"I took him for a gelding or a mare" describes what character in The Canterbury Tales?

Expert Answers
rrteacher eNotes educator| Certified Educator

This line is the narrator's description of the Pardoner. It means, essentially, that the narrator believes the Pardoner to be a homosexual, or perhaps even someone a eunuch, since a gelding is a male horse that has had its testicles removed. The Pardoner is also a fundamentally wicked man, who openly admits to swindling those who come to him to receive prayers for their sins. Nevertheless, his story is a condemnation of greed and avarice. When the Host interrupts the Pardoner by referencing his sexuality as he gives a sermon and tries to sell his relics after his story, the two men nearly come to blows. The Pardoner's sexuality is an issue because it relates to his ability to actually deliver forgiveness to sinners. By calling him a gelding, the narrator suggests that he is as impotent as the relics he claims to be able to use to provide grace.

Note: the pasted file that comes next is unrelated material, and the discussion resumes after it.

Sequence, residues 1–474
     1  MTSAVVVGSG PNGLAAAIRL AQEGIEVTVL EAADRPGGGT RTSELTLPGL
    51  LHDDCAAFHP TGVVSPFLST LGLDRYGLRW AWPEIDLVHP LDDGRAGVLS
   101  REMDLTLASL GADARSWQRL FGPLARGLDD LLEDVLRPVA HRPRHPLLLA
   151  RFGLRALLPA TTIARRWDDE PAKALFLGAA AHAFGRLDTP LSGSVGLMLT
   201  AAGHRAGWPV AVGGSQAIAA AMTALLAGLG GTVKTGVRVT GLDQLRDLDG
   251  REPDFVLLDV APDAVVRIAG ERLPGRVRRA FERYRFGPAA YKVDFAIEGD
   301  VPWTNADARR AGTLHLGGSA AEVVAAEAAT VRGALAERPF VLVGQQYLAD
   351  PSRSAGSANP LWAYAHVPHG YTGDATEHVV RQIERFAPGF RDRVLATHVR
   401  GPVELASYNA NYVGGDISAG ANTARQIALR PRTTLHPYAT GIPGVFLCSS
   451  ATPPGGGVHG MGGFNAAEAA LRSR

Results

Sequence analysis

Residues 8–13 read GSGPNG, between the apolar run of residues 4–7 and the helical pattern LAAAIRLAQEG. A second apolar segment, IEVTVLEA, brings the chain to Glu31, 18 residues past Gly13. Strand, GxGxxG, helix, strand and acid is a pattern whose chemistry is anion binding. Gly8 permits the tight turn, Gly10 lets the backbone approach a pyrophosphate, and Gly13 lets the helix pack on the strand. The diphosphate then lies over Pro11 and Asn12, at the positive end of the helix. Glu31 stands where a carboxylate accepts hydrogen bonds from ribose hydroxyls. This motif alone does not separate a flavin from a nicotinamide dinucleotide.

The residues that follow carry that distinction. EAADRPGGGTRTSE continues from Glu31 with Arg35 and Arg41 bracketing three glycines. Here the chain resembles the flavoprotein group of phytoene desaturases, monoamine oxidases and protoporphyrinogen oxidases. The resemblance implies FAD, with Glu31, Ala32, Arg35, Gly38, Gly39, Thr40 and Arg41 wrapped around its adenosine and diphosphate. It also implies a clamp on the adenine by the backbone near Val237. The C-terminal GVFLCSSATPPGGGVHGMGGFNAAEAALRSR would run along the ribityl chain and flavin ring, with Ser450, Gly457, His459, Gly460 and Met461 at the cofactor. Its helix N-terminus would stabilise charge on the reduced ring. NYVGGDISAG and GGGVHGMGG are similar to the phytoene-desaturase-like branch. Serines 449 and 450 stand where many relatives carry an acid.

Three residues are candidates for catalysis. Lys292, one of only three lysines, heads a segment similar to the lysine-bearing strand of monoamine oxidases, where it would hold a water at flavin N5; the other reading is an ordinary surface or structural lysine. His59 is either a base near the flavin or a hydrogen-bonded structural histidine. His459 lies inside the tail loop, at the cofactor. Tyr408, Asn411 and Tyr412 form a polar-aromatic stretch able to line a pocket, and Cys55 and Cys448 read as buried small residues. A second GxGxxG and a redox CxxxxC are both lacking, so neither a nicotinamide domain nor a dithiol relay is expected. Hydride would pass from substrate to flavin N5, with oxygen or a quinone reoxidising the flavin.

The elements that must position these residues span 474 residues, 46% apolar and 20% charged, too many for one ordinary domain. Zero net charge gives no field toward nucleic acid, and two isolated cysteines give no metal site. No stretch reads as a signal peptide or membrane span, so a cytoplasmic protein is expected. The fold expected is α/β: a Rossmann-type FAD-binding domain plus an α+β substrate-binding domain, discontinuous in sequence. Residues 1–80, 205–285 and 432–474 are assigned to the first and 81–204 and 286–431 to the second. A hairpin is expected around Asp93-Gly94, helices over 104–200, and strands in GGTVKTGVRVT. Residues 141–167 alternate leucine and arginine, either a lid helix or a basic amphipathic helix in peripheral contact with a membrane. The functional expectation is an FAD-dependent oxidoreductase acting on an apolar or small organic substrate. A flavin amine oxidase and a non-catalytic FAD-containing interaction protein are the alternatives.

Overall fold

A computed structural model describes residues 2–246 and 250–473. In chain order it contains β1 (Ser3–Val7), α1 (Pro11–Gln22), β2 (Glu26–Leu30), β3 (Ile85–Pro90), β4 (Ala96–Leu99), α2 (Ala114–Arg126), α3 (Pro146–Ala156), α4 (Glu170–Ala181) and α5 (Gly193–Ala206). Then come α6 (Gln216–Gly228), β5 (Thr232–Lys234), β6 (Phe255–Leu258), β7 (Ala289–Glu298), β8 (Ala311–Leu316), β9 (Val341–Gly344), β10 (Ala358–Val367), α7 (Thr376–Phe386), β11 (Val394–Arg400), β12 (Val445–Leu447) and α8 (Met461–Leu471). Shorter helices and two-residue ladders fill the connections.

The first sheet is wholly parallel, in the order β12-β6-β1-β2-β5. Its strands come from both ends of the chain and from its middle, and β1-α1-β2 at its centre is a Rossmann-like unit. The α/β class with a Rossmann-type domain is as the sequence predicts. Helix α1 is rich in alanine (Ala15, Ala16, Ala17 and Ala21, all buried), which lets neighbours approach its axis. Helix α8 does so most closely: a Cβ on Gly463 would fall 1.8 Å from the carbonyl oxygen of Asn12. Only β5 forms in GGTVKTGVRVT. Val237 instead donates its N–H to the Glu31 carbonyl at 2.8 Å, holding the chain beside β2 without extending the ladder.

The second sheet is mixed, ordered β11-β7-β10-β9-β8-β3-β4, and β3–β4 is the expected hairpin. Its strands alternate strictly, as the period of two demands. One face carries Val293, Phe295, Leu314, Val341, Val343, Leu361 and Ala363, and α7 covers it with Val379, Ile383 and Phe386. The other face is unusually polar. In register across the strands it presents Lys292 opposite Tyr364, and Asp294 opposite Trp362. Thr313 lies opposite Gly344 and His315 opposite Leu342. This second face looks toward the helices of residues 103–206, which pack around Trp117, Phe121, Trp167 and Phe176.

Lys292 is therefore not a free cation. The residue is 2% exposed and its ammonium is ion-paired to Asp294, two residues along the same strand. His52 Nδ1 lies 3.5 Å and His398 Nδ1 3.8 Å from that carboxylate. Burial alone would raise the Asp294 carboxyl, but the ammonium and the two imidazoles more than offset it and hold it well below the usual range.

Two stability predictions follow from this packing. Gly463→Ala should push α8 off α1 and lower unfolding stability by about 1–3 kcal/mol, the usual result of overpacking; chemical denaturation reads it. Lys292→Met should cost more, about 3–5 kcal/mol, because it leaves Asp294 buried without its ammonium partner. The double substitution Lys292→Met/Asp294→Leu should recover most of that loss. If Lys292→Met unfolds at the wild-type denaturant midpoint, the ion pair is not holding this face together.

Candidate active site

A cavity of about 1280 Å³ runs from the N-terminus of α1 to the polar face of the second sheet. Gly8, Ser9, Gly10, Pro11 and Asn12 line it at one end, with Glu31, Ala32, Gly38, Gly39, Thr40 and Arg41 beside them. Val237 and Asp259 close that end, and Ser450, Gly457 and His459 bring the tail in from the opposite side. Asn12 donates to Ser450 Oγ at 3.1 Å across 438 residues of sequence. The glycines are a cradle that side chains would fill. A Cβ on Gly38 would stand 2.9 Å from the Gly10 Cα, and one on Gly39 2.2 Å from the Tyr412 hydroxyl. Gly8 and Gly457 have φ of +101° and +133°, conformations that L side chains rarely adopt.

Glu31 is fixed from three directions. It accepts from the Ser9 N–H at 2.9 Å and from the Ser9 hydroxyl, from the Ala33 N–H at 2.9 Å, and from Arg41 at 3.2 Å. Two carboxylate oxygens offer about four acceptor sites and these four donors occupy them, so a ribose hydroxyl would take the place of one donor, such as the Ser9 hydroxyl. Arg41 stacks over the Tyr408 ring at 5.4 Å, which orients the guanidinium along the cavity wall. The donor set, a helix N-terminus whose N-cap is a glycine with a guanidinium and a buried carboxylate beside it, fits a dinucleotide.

Read the study guide:
The Canterbury Tales

Access hundreds of thousands of answers with a free trial.

Start Free Trial
Ask a Question